Helianthus

Sunflower

The sunflower was once an emblem of the Sun God of the Incas. This well-loved genus is 150 species strong and includes not only sprightly garden plants but commercially important food and oil crops.

Our easy-to-grow selections tolerate a wide range of garden soils, attract bees, and make great cut flowers.

A cheerful mop of clustered golden yellow daisies crest towering, 6 ft. tall valiant stems guised with leathery needle-like rich green leaves. One of the last perennial Sunflowers to bloom, this striking American native flaunts copious large flowers, each defined by nearly 15 sun-stained petals encompassing a purplish brown cone. Hard to miss, even from a distance, the Swamp Sunflower’s brilliant persona can grace the perennial border, stylized meadow or butterfly garden, where it grows well among Asters and Schizachyrium, wards off deer and relishes sunny moist niches, but acquiesces to other conditions.

Blooms September-October

Size: 6' 0" high x 2' 0" – 3' 0" wide.

Hardy to zone 5.

Rugged, slender and deep green, ‘Gold Lace’s fine textured leaves and strong stems frame a verdant lacy tower all season long. Magnificent, 2 in. wide golden yellow flowers burst open in such bold profusion that this undemanding U.S. native becomes the star of the late summer border, headlining an unbeatable grand finale. Adored by butterflies, gardeners and florists, ‘Gold Lace’ thwarts bunnies and dry conditions once established, doesn’t require staking or much fertilizer and looks absolutely sublime accompanying Asters and Molinias.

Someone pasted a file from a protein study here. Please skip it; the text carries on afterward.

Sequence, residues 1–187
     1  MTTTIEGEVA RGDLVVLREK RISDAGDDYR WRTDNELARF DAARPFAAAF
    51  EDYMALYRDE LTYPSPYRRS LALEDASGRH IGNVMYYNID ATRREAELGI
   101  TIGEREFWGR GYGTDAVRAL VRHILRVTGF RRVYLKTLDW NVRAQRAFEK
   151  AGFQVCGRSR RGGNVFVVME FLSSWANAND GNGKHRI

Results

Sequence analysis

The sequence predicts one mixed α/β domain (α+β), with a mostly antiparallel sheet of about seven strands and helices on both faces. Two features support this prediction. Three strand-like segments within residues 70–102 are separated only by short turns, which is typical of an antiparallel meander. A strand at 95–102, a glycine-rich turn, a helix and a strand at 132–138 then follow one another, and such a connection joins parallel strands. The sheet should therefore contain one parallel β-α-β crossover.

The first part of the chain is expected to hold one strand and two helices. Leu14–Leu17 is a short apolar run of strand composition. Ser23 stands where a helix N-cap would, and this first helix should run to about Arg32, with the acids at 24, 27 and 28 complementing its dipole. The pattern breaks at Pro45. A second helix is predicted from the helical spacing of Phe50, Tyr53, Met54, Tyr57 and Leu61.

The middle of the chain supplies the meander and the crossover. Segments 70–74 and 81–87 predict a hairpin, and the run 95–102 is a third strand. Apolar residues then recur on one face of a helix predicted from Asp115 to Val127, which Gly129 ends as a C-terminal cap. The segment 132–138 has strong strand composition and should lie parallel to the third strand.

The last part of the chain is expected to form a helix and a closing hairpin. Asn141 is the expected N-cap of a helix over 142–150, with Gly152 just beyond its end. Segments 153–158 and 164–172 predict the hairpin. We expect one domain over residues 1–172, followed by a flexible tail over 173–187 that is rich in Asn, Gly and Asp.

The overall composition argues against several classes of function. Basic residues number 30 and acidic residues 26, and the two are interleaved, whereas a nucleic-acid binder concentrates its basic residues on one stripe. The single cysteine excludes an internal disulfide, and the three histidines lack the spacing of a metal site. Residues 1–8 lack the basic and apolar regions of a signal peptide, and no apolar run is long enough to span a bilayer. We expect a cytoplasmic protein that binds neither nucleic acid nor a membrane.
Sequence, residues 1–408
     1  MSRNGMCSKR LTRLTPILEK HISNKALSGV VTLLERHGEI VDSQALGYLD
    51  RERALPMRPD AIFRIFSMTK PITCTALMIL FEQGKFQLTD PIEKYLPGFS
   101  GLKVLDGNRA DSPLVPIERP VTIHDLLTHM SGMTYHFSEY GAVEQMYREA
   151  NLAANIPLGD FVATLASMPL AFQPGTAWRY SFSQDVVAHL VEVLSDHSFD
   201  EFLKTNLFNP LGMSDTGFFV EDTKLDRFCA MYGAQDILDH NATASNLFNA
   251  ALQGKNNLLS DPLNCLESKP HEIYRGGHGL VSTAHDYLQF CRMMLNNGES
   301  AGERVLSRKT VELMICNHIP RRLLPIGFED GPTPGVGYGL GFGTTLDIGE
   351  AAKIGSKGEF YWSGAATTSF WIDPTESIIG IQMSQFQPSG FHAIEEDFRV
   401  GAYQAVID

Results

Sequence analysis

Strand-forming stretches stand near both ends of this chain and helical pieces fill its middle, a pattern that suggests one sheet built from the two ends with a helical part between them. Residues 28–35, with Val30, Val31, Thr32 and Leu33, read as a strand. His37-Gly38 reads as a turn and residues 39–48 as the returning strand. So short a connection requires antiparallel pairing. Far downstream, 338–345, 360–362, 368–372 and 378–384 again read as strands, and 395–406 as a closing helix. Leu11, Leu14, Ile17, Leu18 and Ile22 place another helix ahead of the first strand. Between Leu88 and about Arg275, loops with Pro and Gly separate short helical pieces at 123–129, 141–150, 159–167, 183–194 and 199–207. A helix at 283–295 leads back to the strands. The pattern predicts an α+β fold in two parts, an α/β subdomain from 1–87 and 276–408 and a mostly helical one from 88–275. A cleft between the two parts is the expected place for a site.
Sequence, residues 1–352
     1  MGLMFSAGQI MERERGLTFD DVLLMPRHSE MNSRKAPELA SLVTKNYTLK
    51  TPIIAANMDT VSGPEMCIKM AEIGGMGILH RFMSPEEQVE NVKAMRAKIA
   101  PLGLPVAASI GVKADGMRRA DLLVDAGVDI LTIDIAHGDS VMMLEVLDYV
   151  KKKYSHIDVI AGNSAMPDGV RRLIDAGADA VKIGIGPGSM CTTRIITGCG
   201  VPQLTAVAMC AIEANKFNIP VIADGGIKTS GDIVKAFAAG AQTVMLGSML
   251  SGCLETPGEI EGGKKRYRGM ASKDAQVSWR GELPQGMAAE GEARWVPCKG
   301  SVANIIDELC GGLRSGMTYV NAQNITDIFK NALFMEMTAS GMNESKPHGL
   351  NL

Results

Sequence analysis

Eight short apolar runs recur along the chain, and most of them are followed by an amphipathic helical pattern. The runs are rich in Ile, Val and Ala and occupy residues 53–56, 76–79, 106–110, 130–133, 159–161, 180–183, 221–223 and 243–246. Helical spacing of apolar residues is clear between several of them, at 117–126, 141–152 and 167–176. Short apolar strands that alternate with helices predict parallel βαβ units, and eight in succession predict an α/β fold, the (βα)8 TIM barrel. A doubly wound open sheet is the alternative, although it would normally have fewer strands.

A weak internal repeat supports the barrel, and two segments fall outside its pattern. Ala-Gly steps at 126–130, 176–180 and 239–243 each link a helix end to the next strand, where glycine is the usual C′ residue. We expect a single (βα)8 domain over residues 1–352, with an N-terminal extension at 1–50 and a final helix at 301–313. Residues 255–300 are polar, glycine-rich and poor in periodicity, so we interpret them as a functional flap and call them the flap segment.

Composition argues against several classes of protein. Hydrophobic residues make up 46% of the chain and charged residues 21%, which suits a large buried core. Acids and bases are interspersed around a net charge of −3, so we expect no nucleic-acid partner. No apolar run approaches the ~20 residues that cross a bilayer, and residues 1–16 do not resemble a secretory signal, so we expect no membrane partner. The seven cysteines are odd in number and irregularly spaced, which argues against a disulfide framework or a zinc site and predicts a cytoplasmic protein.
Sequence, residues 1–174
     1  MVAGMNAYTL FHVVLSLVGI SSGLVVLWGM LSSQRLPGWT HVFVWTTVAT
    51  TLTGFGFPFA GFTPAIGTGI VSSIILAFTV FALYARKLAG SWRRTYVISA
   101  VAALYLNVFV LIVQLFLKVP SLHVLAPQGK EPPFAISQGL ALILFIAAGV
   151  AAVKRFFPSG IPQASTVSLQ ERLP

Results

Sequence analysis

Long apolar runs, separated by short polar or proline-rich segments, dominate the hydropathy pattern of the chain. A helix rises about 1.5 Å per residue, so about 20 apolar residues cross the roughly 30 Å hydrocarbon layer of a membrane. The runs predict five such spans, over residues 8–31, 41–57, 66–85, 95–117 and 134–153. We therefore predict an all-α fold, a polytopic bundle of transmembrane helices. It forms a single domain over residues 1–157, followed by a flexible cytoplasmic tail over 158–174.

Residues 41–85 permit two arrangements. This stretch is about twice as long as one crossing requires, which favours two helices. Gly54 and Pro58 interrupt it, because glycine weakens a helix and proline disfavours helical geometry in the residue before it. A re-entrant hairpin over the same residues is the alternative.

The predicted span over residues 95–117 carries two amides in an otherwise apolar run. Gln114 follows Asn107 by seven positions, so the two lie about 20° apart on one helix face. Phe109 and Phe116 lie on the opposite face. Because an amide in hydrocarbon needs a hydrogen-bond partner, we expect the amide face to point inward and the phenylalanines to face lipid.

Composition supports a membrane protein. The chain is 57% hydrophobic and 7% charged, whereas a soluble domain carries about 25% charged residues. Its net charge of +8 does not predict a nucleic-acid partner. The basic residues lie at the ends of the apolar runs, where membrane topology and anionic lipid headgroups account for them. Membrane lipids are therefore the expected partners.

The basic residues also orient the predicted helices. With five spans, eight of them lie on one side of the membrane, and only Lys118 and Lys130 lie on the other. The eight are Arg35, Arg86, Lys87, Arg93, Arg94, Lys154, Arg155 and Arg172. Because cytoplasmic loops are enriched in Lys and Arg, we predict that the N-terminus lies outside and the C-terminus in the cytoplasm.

Blooms late September–October.

Size: 4' 0" – 5' 0" high x 2' 0" – 3' 0" wide.

Hardy to zone 6.

Originally discovered as a chance seedling at Matanzas Creek Winery in northern California and visible from literally ½ mile away, abundant pale yellow flowers cover the upper third of this extravagant perennial. Ours bask in their glory near the pond, along with other late bloomers like Salvia corrugata and Miscanthus ‘Adagio’.

Blooms September–early November.

Size: 7' 0" high x 3' 0" wide.

Hardy to zone 6.

Noted horticulturist, David Salman from High Country Gardens kindly sent us this dazzling Helianthus ‘Lemon Queen’ and Helianthus maximiliana ‘Dakota Sunshine’ cross selected from seedlings originating at Lauren Springer and Scott Ogden’s Colorado residence. A vigorous selection for regions with short growing seasons, ‘Dakota Queen’ releases a buoyant flood of bright yellow daisies that crown tall stocky reddish stems clad in rough deep green linear leaves. Blooming by the middle of August, far earlier than most maximiliana species, its regal texture-rich visage is tough, reliable and capable of handling clay soil.

Blooms mid-August–early October.

Size: 5' 0" – 6' 0" high x 3' 0" – 5' 0" wide.

Hardy to zone 4.

Late blooming pastel yellow flowers gaze down at onlookers from atop lofty, sturdy stems. Combine with Buddleja ‘Ellen’s Blue’, Calamagrostis ‘Karl Foerster’ and tall, late Asters in the rear of the border.

Blooms early August – October

Size: 6' 0" – 10' 0" high x 2' 0" – 3' 0" wide.

Hardy to zone 6.

A celebrated American denizen often found in open woodlands, prairies and along roadsides, this Sunflower’s ebullient yellow face belies its resilient nature. The dense colony of upright wine-hued stems and rough lanceolate leaves can handle neglect, drought, and sun or shade.

Enticing to bees, butterflies, and gardeners alike, yellow 2 in. wide, broad-petaled and brown-centered blooms burst forth from round, spiky-looking green buds. Even though the long lasting jaunty display signals summer’s end, the good-sized chocolate-colored seed heads keep the birds happy and our interest sparked.